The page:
3. Norton A, Pardinaz-Solis R & Carson G. 2019. GloPID-R Roadmap for data sharing in public health emergencies. Available from:

  4. UKCDR and GloPID-R COVID-19 Research Project Tracker, 2020,

  5. Principles for data sharing in public health emergencies. GloPID-R data sharing working group. London: Figshare; 2017. Available from: doi: [cited 2020 Jul 07].

  6. A Coordinated Global Research Roadmap: 2019 Novel Coronavirus. Available at:

  7. Norton A, Mphahlele J, Yazdanpanah Y, Piot P, Bayona MT. Strengthening the global effort on COVID-19 research. The Lancet. 2020;396(10248):375.

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Meeting participants:

Adeniyi Aderoba (University of Oxford, Oxford, UK; University of Medical Sciences Teaching Hospital, Ondo State, Nigeria); John Amuasi (ALERRT, Kumasi, Ghana); Amrish Baidjoe (EAN, RECON, London, UK); Peter Bannister (Brighton & Sussex Medical School, Brighton, UK); Genevieve Boily-Larouche (CIHR, Ottawa, Canada); Elaine Boylan (MRC, London, UK); Serge Breysse (GloPID-R, Paris, France); David Carr (Wellcome Trust, London, UK); Gail Carson (GloPID-R, Oxford, UK); Amol Chaudhari (CEPI, London, UK); Guy Cochrane (EMBL-EBI, Hinxton, UK); Shelui Collinson (NHS, London, UK); Chioma Dan-Nwafor (Nigeria Centre for Disease Control (NCDC), Abuja, Nigeria); Xavier De Lamballerie (UVE, Marseille, France); Evelyn Depoortere (European Commission); Lennie Derde (REMAP-CAP, Utrecht, Netherlands); Eric Dortenzio (REACTing, Paris, France); Tamara Giles Vernick (Institut Pasteur, Paris, France); Nina Gobat (PREPARE, ECRAID, Oxford, UK); Josie Golding (Wellcome Trust, London, UK); Herman Goossens (PREPARE, ECRAID, Brussels, Belgium); Jean Marie Habarugira (EDCTP, Hague, Netherlands); Ana Maria Henao Restrepo (WHO, Geneva, Switzerland); David Heymann (LSHTM, London, UK); Elisabeth Higgs (NIH, HHS, USG, Bethesda, USA); Bruno Hoen (Institut Pasteur, Paris, France); William Hsiao (BCCDC PHL, Vancouver, Canada); Thomas Jaenisch (ReCoDID, Heidelberg, Germany); Nina Jamieson (ISARIC, Oxford, UK); Marie Jaspard (ALIMA, Paris, France); Barbara Kerstiëns (European Commission); Trudie Lang (TGHN, Oxford, UK); Joanne Langley (Dalhousie University, Halifax, Canada); James Lee (ISARIC, Oxford, UK); Katherine Littler (WHO, Geneva, Switzerland); Dermot Maher (TDR, Geneva, Switzerland); Denis Malvy (Bordeaux University Hospital, Bordeaux, France); Gustavo Matta (FIOCRUZ, Rio de Janeiro, Brazil); Romans Matulevics (ISARIC, Oxford, UK); Laura Merson (IDDO, Oxford, UK); Shoji Miyagawa (AMED, Tokyo, Japan); Naima Nasir (University of Oxford, Oxford, UK; APIN-Supported HIV Treatment Centre, Jos University Teaching Hospital, Jos, Nigeria); Robert Newton (ALPHA, LSHTM, Entebbe, Uganda); Alice Norton (GloPID-R, Oxford, UK); Piero Olliaro (ISARIC, Oxford, UK); Hitoshi Oshitani (Tohoko University Graduate School of Medicine, Sendai, Japan); Barbara Rath (PEDSIDEA, Vienna Vaccine Safety Initiative, Berlin, Germany); David Robertson (University of Edinburgh, Edinburgh, UK); Cathy Roth (DFID, London, UK); Kathy Rowan (REMAP-CAP, London, UK); Nahoko Shindo (WHO, Geneva, Switzerland); Louise Sigfrid (ERGO, Oxford, UK); Stefanie Sowinski (European Commission); David Vaughn (BMGF, Seattle, USA); Richard Wilder (CEPI, London, UK); Annelies Wilder Smith (LSHTM, London, UK); Jimmy Whitworth (LSHTM, London, UK); Katharine Wright (Nuffield Council on Bioethics, London, UK); Yazdan Yazdanpanah (GloPID-R, Paris, France); and Lay-Myint Yoshida (Nagasaki University, Nagasaki, Japan).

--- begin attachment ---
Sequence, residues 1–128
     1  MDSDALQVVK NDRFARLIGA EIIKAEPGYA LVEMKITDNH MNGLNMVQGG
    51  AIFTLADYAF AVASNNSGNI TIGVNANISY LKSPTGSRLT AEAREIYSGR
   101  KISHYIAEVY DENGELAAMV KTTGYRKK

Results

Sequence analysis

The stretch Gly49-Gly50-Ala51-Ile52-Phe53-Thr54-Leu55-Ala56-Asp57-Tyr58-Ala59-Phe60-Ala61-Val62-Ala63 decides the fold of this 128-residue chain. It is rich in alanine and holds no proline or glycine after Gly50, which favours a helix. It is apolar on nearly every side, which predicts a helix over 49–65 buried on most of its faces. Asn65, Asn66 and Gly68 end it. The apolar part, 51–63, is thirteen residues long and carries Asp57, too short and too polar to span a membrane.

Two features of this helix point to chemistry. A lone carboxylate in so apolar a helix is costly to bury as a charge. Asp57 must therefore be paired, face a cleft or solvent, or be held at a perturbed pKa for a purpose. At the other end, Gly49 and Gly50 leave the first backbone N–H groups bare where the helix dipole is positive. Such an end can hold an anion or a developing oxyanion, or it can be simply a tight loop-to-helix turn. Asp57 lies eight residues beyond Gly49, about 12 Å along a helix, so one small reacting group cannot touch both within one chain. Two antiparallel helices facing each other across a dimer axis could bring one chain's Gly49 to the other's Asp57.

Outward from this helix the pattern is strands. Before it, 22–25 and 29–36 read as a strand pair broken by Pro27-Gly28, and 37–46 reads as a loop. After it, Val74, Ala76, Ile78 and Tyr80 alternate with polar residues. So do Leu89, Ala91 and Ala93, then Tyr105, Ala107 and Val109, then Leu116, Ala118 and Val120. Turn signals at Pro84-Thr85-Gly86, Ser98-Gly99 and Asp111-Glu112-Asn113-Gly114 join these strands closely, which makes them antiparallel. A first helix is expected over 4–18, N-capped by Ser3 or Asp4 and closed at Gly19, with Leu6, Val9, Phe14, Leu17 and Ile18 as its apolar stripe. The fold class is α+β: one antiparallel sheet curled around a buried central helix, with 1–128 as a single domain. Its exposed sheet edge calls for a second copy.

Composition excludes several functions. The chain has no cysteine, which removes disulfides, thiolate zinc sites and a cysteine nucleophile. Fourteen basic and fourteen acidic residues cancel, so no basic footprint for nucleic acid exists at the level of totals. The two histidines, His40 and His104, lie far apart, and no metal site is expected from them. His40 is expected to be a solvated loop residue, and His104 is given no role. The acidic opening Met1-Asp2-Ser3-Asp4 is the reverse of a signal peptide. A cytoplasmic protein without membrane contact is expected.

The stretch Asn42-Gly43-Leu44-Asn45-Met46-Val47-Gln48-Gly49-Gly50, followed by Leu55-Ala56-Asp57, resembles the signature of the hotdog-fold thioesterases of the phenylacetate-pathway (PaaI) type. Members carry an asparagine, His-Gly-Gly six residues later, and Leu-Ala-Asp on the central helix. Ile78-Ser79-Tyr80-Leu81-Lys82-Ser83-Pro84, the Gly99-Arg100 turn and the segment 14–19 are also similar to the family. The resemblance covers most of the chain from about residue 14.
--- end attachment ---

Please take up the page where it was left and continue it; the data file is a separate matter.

The GloPID-R Secretariat is funded through the European Union’s Horizon 2020 Research and Innovation Programme under grant agreement 643434.

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Norton, A., Sigfrid, L., Aderoba, A. et al. Preparing for a pandemic: highlighting themes for research funding and practice—perspectives from the Global Research Collaboration for Infectious Disease Preparedness (GloPID-R). BMC Med 18, 273 (2020).